In a July survey of 500 US marketing decision makers conducted by Viant, 45.8% of respondents said that consumers being distracted by their second screens is one of the top factors that limits the success of their TV ad campaigns. The polled marketers also cited cord-cutting and consumers having too many channels to choose from as other top hurdles reducing the effectiveness of their TV ads.
Viant’s study underscores how users’ fragmented media consumption is disrupting how marketers approach traditional TV advertising. eMarketer estimates that 185.8 million US adults will regularly use a second screen while watching TV this year, up 4.5% from 2017.
About two-thirds of the respondents in Viant’s study said they have struggled to break through the ad clutter. And 86% of those polled said it is becoming harder to grab a consumer’s attention solely through TV advertising.
With user attention scattered, cross-device targeting is in vogue.
TELEVISION’S EFFECT ON MILLENNIALS
Millennials may not watch as much TV as previous generations, but their engagement with the TV content they do watch may actually be deeper than other groups.
In an article written by Jen King, eMarketerRetail (092518), states among other things, millennials follow actors on social media, read online recaps and try to avoid spoilers in their social media news feeds. What’s more, TV shows influence millennial purchasing behavior as well, according to recent findings from the Video Advertising Bureau (VAB).
In its April 2018 survey of 1,001 US internet users, millennials told VAB that what they see on TV “always” or “frequently” inspires them to make a purchase. Some 43% of millennial internet users in the US said their decision was influenced by product placement or an advertisement that ran during a show.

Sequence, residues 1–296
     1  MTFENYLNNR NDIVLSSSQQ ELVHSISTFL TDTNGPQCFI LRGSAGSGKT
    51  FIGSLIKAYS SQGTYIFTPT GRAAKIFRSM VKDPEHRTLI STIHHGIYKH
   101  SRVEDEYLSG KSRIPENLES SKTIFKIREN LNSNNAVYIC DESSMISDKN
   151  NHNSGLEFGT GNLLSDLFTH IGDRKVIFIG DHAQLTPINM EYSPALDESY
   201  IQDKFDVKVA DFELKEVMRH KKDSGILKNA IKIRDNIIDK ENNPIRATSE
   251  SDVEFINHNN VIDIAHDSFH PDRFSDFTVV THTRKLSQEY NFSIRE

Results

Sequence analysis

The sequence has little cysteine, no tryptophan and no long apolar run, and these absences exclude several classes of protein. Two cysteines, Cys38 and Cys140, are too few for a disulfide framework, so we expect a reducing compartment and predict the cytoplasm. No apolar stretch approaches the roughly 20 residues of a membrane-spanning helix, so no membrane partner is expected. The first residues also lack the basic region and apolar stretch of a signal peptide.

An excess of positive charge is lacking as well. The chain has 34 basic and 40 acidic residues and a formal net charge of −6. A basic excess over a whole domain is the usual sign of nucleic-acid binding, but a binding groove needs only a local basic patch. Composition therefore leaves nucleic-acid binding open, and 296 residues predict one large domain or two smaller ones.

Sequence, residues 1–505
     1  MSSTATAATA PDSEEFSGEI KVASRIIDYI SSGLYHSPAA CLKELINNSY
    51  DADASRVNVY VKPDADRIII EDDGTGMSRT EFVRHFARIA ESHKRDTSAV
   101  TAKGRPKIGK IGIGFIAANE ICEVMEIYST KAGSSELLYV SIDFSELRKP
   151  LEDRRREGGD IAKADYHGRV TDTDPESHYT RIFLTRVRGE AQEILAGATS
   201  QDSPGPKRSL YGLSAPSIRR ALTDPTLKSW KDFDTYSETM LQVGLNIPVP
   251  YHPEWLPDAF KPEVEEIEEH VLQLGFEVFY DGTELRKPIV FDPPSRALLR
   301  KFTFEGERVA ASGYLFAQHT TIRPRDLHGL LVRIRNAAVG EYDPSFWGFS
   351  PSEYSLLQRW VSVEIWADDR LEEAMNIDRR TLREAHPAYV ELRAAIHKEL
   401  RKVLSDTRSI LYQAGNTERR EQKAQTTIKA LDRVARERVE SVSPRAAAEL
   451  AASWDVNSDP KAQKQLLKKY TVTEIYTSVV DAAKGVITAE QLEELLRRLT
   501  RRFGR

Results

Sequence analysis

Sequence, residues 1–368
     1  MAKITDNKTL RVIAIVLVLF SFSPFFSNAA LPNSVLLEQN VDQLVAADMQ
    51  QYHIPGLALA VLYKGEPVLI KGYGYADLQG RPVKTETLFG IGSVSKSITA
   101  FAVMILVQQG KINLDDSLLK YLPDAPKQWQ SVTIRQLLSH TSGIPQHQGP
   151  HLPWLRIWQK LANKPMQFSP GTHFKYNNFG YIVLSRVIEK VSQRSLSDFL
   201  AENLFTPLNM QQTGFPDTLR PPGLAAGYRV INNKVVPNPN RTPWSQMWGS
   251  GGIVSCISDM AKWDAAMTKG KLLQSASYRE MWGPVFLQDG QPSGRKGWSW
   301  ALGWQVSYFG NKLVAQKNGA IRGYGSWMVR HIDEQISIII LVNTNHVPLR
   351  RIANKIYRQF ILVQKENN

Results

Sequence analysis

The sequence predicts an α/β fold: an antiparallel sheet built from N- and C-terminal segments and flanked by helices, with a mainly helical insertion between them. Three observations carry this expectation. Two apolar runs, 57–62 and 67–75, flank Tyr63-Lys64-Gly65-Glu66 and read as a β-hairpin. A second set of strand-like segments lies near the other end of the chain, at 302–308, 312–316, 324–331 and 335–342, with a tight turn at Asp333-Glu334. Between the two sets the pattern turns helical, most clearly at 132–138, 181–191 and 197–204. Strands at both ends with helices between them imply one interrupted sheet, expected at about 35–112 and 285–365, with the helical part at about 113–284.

For the most part, what’s featured or shown during a TV program is as influential as its commercial breaks. In fact, millennials were slightly more likely than adults in general to purchase a product, eat at a certain restaurant or vacation at a specific location after it was featured on TV.
“Digital resources can deepen [millennials’] involvement with a TV show, and it’s not surprising that VAB polling finds lots of millennials follow shows and characters on social media, tweet about shows and so on,” said eMarketer analyst Mark Dolliver. “And since involvement with favorite shows is not merely passive, it makes sense that millennials could be more inclined than adults in general to take action due to a show, like buying things they see within the show or in ads that accompany it.”
However influential “as seen on TV” can be to drive purchases, millennials don’t spend much time watching TV.
According to eMarketer’s numbers, US consumers between the ages of 18 and 24, and those 25 to 34, spend 93 and 128 minutes watching TV per day, respectively, whereas older consumers (ages 45 to 54) watch 240 minutes per day on average.
Indeed, 36% of US millennials, according to a June 2018 Magid survey, watch live cable or satellite TV, and about one-third stream content to a connected TV for more than 3 hours per day.
The 2018 Marketing Charts US Purchase Influencers Report, based on 2,200
◉ Word-of-mouth is the leading influencer of consumers’ purchases overall.
◉ TV advertising, #2 and the only paid medium in the upper echelon of purchase influencers. Note:This result is driven in part by youth, with older adults more likely to ascribe influence to TV ads than word-of-mouth.
◉ Direct mail #3 purchase influencer, carrying more heft with women, affluents, the most highly-educated, and older generations.
◉ Social media is a key area of advertising exposure, particularly for women and Millennials who are its heaviest users.
◉ Search ads attract almost as much purchase influence as social media ads, and more so for men. Exposure to search ads is high among affluents and highly-educated adults, though that doesn’t always translate to purchase influence.
◉ Boomers report tuning out advertising to a greater extent than Millennials, and other comparisons of demographic groups likewise find some ascribing less purchase influence to paid, owned and earned media than others.